Archives of Microbiology

, Volume 140, Issue 2–3, pp 187–192 | Cite as

The rate of evolutionary divergence of initiation factors IF2 and IF3 in various bacterial species determined quantitatively by immunoblotting

  • J. Greg Howe
  • John W. B. Hershey
Original Papers


Antibodies to Escherichia coli translational initiation factors IF2 and IF3 were used for an immunological comparison of unpurified proteins from the following genera: Salmonella, Serratia, Proteus, Aeromonas, Pseudomonas, Streptococcus, Sarcina and Bacillus. Immunological relatedness was compared by Ouchterlony double diffusion experiments and immunoblotting analysis. Immunoblotting is a quantitative technique for measuring levels of specific proteins in crude cell lysates. We have used this technique to measure immunological distance with the assumption that the levels of the various translational components are essentially the same in the different bacterial cells examined. Both immunodiffusion and immunoblotting analysis showed a similar evolutionary relationship between the various species for the two initiation factors examined: (Escherichia=Salmonella>Serratia>Proteus>Aeromonas>Pseudomonas). Little or no crossreactivity was found using either analysis with genera: Streptococcus, Sarcina and Bacillus. Using the immunoblot distance, the two initiation factors were shown to diverge at similar rates. One advantage the immunoblotting analysis has over other immunological techniques is that the antigens can be analyzed structurally. We found, for example, that the two forms of IF2 were present in all bacterial species which cross-reacted with anti-IF2, suggesting that both forms are functionally important. Because of its sensitivity, the immunoblot analysis may be more useful than other immunological techniques in studying species that are more distantly related.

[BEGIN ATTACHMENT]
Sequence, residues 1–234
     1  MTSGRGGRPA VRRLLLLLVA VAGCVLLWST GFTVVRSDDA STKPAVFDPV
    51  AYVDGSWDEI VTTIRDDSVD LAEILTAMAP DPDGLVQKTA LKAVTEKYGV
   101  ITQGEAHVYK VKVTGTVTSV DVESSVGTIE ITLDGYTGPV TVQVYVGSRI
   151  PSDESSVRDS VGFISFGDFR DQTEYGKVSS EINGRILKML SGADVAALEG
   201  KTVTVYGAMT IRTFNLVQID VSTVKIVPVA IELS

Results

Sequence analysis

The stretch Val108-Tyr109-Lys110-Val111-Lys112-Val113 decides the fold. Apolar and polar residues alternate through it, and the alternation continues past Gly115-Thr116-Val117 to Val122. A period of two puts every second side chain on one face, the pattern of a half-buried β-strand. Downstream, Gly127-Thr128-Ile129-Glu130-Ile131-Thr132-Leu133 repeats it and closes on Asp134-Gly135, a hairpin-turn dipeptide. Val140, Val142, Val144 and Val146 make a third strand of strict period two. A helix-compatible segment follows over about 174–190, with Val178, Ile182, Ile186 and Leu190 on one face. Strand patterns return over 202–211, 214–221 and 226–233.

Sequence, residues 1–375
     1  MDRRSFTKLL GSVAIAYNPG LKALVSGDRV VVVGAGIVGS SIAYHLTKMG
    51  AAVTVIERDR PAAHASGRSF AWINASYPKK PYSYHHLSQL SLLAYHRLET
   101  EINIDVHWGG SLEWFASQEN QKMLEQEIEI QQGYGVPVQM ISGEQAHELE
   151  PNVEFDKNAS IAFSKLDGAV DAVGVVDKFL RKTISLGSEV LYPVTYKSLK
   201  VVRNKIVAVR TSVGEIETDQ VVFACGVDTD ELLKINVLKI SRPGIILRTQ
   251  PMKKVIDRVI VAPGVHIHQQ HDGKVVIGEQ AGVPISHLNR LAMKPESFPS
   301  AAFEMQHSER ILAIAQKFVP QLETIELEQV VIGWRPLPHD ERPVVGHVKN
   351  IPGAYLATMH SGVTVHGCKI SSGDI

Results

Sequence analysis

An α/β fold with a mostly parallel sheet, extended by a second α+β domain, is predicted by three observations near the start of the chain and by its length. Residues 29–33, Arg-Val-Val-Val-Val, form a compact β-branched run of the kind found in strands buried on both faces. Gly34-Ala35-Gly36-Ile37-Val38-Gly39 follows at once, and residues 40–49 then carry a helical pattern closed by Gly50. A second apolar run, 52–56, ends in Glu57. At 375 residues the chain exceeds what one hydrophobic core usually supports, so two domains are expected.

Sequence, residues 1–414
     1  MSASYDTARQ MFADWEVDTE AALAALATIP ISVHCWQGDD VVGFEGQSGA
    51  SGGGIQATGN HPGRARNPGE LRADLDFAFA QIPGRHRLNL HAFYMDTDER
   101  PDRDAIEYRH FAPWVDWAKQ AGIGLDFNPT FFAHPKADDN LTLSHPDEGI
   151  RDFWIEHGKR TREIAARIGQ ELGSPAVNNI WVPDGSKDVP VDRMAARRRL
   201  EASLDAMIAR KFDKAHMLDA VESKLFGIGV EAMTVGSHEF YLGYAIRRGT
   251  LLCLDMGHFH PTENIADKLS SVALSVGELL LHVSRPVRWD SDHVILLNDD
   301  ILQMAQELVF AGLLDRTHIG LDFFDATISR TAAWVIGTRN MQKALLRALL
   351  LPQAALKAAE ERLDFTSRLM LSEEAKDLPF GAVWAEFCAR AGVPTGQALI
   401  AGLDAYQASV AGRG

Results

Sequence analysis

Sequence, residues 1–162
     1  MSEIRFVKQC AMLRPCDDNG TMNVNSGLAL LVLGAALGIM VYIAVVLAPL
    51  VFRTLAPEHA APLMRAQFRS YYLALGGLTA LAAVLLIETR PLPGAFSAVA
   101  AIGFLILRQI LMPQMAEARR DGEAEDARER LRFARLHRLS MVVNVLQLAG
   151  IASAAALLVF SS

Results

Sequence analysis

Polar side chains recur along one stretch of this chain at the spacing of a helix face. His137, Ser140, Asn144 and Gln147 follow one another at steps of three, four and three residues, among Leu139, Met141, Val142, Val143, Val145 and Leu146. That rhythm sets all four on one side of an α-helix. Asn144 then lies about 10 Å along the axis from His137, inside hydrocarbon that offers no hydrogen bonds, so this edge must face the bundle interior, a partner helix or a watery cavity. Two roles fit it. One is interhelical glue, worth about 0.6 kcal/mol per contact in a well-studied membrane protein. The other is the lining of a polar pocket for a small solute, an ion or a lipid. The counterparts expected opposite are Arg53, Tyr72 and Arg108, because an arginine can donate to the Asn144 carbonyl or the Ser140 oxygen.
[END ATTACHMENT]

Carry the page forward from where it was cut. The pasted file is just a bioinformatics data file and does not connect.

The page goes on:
Key words

Protein synthesis initiation factors Double immunodiffusion Immunoblotting Evolutionary divergence Enterobacteriaceae 

Abbreviations used


initiation factor


morpholinopropane sulfonate


polyacrylamide gel electrophoresis/sodium dodecyl sulfate


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Copyright information

© Springer-Verlag 1984

Authors and Affiliations

  • J. Greg Howe
    • 1
  • John W. B. Hershey
    • 1
  1. 1.Department of Biological Chemistry, School of MedicineUniversity of CaliforniaDavisUSA

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